The grid operator on Feb. 16, 2018, submitted proposed revisions to its open access transmission tariff and the reliability assurance agreement among load serving entities in the PJM Region. The proposed revisions establish a procedure to facilitate the implementation of any restrictions imposed on EERs by a relevant electric retail regulatory authority authorized by the Commission to opt-out and restrict the sale of EERs into PJM’s market.
In its filing, PJM said that consistent with the Advanced Energy Economy declaratory order, its filing represents the culmination of PJM and its stakeholders’ efforts to develop new market rules related to EERs.
PJM argued that proactively implementing a market rule for sellers of EERs in PJM’s capacity market is prudent in order to provide guidance and minimize regulatory risk for all market participants in the event that FERC authorizes a RERRA to restrict EERs from future participation in PJM’s markets.
PJM’s proposed tariff and RAA revisions provide a verification process to ensure that all EERs offered and cleared in PJM’s capacity market comply with any restrictions that may be imposed by an authorized RERRA. Also, the proposed revisions grant relief for sellers of EERs that already cleared in a prior PJM capacity market auction and are subsequently restricted from participation in PJM’s market by an authorized RERRA.
FERC determined that PJM’s proposed tariff and RAA revisions are just and reasonable and accepted them for filing, effective April 17, 2018, as requested.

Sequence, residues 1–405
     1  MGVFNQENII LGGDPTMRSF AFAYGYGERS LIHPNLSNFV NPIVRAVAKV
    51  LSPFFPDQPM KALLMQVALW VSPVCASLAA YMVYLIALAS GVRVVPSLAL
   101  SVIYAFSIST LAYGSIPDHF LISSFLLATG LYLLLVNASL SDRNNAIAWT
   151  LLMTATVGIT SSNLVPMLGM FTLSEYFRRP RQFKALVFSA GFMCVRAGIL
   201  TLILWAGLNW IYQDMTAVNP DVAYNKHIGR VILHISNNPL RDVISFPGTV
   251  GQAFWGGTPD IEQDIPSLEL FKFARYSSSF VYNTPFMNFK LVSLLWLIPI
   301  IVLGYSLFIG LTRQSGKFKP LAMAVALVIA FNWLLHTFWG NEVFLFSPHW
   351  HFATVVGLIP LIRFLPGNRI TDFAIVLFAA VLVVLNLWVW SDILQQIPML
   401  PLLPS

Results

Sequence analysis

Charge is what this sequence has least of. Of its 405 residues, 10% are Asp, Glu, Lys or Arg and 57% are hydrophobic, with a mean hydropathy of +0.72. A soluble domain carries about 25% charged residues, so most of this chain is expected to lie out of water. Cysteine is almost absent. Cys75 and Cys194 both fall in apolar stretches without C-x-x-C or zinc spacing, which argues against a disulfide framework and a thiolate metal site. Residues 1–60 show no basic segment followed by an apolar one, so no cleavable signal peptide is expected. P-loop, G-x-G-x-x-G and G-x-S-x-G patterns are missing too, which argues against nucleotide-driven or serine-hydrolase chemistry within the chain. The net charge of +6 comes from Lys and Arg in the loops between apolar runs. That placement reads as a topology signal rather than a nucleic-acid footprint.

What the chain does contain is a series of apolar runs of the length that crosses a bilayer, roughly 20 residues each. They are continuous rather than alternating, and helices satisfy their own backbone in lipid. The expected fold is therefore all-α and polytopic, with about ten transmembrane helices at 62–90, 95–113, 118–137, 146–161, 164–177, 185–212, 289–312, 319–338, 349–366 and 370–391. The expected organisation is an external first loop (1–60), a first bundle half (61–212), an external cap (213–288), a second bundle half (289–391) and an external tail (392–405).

In the order, FERC noted that the Association and AMP support PJM’s proposed revisions, but asserted that because some revisions proposed by PJM were premised upon rulings in the declaratory order, the Commission should make any acceptance of PJM’s filing subject to the resolution of the pending requests for rehearing and clarification of that order. AMP specifically asked that the Commission accept and suspend the EER market rules to become effective only upon and subject to the final resolution of the jurisdictional issue in question.
“We need not address AMP’s and APPA’s concerns regarding the timing of the issuance of this order as it relates to the requests for rehearing and clarification of the declaratory order,” FERC said, noting that the PJM order was being issued concurrently with the order on rehearing and clarification of the declaratory order in the Advanced Energy Economy proceeding.